After a week of rising death tolls in Turkey and Syria, we're left with the politics of long term recovery, and other human fault lines.

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After a week of rescue efforts in Turkey and Syria, the death counts are still rising from a 7.8 magnitude earthquake and over 125 aftershocks, including an M6.7 in close succession to the first hit, and an M7.7 nine hours later. Each on their own would have been devastating. Together, they’ve stretched old and poorly built infrastructure to ruinous breaking points. At present, the death count sits at nearly 24,000, with over 20,200 in Turkey and over 3,500 in Syria, where UN official Sivanka Dhanapala estimates that up to 5.3 million might be homeless as a result. In Turkey, tens of thousands are unhoused in winter conditions, while rescue efforts continue in dwindling hope of further survivors.

But simply watching death counts rise can distract and desensitize us, which is why we’ve also been fortunate to receive so many tales of people dug out of the debris over four days later, along with painful narratives of familial loss. Both matter because they serve to humanize distant hardships, for a species that tends to empathize best with singular cases of struggle. The father holding the hand of his crushed daughter, her body still in the rubble. The newborn delivered, and surviving, in a collapse that killed all immediate family. The older sister promising to be the “servant” of anyone who pulled her and her brother free. The workers crying “Allahu akbar!” in relief when they found a living child saved by his dead father’s protection. The tenderness of rescuers carrying out a dazed little boy who greeted them “Good morning!”. The young man asking workers to save his cat before himself.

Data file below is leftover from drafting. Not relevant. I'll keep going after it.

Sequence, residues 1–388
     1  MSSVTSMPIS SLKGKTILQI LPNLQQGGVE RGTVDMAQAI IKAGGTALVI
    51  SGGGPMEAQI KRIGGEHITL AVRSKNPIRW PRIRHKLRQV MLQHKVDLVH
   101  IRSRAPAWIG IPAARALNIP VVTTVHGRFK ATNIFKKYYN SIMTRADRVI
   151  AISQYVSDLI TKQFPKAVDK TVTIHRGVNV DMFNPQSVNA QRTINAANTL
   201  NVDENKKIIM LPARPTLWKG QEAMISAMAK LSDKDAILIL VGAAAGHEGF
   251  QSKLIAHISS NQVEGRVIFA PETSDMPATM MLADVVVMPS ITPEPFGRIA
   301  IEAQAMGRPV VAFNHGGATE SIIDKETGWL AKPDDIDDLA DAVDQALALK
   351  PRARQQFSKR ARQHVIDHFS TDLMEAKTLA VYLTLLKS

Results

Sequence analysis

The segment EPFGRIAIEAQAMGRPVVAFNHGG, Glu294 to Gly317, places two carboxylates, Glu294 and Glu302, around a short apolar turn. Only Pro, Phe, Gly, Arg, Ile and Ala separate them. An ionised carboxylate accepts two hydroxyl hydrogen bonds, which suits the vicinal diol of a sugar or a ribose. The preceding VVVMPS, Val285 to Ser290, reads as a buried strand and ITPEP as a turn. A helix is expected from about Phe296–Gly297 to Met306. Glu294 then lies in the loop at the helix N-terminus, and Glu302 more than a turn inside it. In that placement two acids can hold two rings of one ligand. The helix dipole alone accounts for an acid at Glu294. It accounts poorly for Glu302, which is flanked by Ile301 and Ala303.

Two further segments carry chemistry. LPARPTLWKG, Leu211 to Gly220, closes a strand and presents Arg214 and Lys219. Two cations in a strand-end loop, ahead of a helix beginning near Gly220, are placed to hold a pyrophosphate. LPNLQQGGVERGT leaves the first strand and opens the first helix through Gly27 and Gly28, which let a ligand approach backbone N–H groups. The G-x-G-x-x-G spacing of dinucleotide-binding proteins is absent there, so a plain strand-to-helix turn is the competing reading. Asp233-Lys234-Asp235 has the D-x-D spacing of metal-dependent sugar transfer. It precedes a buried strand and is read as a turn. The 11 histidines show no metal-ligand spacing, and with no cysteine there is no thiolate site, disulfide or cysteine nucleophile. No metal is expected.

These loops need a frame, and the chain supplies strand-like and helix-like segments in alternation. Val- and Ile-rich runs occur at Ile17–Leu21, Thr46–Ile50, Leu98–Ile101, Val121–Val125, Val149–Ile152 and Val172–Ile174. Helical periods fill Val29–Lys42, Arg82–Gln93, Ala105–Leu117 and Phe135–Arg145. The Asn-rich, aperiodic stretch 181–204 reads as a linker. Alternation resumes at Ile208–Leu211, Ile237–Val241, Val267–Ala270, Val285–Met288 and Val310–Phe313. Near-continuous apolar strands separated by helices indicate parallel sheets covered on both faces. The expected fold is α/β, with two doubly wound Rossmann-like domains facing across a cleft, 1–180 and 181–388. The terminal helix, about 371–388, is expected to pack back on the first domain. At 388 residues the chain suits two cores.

Such stories mitigate the crushing loss also felt by rescue workers in such crises, when faced with body after unresponsive, shattered body: the dead grandparents, children, and beloved neighbors who lie covered in the streets and on open lots, overwhelming cemeteries and compelling the construction of mass graves.

And they help us to remember what we share with global demographics usually only referenced in abstract totalities, in the middle of armchair politicking about war, dictatorships, and life in other religious contexts.

It’s from such reporting, too, that greater leverage for our work as humanists arises.

Because just as critical this week has been political response not only to the immediate crises in Turkey and Syria, but also to the work needed in these regions going forward. An earthquake is generally speaking a natural event—but its full casualty count is always a test of our humanity. How are we doing, thus far?

The complexity of international aid

Over 70 countries have stepped up with aid, in the form of rescue workers and related support teams, along with funding and emergency supplies. But actually getting these resources to every high need region hasn’t been easy.

Next week, the UN Security Council will meet in part to decide whether aid can travel to northwest Syria through more than one Turkish crossing. Many of the most afflicted in Syria by this earthquake were already living between a rock and a hard place, displaced into land held by forces fighting Syria’s dictatorial president, Bashar al-Assad. Russia holds a veto vote on the Security Council, is allied with Assad, and for obvious strategic reasons (related to fears of Western encroachment) has already made clear that it doesn’t see further aid routes as necessary.

On Friday, Syria’s government finally approved aid delivery to rebel-held regions, and identified Latakia, Hama, Aleppo, and Idlib as disaster zones slated for state-sponsored reconstruction. If that timeline seems sluggish, though, it absolutely is: planeloads of aid had been pouring into Syria since Monday, but very little of it left government-controlled territory for the hardest hit regions all week.